Random forest analyses identify major abiotic factors across hierarchical spatial scales shaping biodiversity patterns in riverine metacommunities.

Journal of Biogeography



Theory and experiments strongly support the importance of interactive effects of multiple factors shaping biodiversity, although their importance rarely has been investigated at biogeographically relevant scales. In particular, the importance of higher order interactions among environmental factors at such scales is largely unknown. We investigated higher order interactions of environmental factors to explain diversity patterns in a metacommunity of aquatic invertebrates at a biogeographically relevant scale and discuss the findings in an environmental management context.


All major drainage basins in Switzerland (Rhine, Rhone, Ticino and Inn; 41,285 km2).


Riverine α-diversity patterns at two taxonomic levels (family richness of all benthic macroinvertebrates and species richness of Ephemeroptera, Plecoptera and Trichoptera) were examined at 518 sites across the basins. We applied a novel machine learning technique to detect key three-way interactions of explanatory variables by comparing the relative importance of 1,140 three-way combinations for family richness and 680 three-way combinations for species richness.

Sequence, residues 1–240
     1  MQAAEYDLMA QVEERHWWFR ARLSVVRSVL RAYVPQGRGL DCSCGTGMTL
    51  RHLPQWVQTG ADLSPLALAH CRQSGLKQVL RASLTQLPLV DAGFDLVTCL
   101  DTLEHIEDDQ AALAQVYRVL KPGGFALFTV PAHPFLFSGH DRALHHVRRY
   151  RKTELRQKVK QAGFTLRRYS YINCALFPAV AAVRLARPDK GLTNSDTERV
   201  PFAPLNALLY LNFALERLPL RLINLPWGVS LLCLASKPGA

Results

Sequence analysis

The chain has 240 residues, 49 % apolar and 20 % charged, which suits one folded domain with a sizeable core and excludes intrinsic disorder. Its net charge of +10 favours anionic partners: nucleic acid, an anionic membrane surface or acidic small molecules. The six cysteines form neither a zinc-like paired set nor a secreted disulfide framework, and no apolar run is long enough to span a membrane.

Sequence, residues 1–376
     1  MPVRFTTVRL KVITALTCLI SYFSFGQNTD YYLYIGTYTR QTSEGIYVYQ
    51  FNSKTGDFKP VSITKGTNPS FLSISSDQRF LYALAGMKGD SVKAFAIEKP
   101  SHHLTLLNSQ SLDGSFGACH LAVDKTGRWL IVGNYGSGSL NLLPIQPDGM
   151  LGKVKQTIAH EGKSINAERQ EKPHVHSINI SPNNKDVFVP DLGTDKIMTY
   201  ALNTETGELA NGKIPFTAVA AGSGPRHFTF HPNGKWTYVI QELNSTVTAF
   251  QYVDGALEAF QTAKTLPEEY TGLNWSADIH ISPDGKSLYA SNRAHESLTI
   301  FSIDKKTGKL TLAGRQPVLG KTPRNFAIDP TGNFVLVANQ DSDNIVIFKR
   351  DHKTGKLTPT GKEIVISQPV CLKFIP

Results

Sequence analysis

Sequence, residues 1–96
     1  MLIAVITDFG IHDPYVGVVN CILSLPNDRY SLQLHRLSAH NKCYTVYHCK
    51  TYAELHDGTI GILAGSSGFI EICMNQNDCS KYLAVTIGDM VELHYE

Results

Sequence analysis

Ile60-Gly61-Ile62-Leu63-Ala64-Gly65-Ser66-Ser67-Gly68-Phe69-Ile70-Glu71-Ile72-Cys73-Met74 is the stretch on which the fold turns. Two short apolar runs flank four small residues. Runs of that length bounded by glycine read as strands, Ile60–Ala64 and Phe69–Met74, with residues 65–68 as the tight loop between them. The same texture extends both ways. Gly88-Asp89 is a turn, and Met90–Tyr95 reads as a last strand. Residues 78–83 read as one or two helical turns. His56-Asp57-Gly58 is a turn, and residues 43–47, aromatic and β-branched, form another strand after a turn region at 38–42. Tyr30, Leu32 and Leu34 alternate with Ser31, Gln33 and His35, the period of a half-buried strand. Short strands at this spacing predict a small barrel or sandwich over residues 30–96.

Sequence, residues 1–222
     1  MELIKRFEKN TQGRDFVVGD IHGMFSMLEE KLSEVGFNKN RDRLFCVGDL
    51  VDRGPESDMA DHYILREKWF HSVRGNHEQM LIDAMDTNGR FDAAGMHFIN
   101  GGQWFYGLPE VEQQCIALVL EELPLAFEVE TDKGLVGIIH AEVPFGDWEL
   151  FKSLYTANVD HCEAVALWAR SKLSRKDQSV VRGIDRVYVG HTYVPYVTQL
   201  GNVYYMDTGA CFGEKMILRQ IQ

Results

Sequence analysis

Relatively few but important three-way interactions were meaningful for predicting biodiversity patterns among the numerous possible combinations. Specifically, we found that interactions among elevational gradient, prevalence of forest coverage in the upstream basin and biogeoclimatic regional classification were distinctly important.

Main conclusion

Our results indicated that a high prevalence of terrestrial forest generally sustains riverine benthic macroinvertebrate diversity, but this relationship varies considerably with biogeoclimatic and elevational conditions likely due to community composition of forests and macroinvertebrates changing along climatic and geographical gradients. An adequate management of riverine ecosystems at relevant biogeographical scales requires the identification of such interactions and a context-dependent implementation.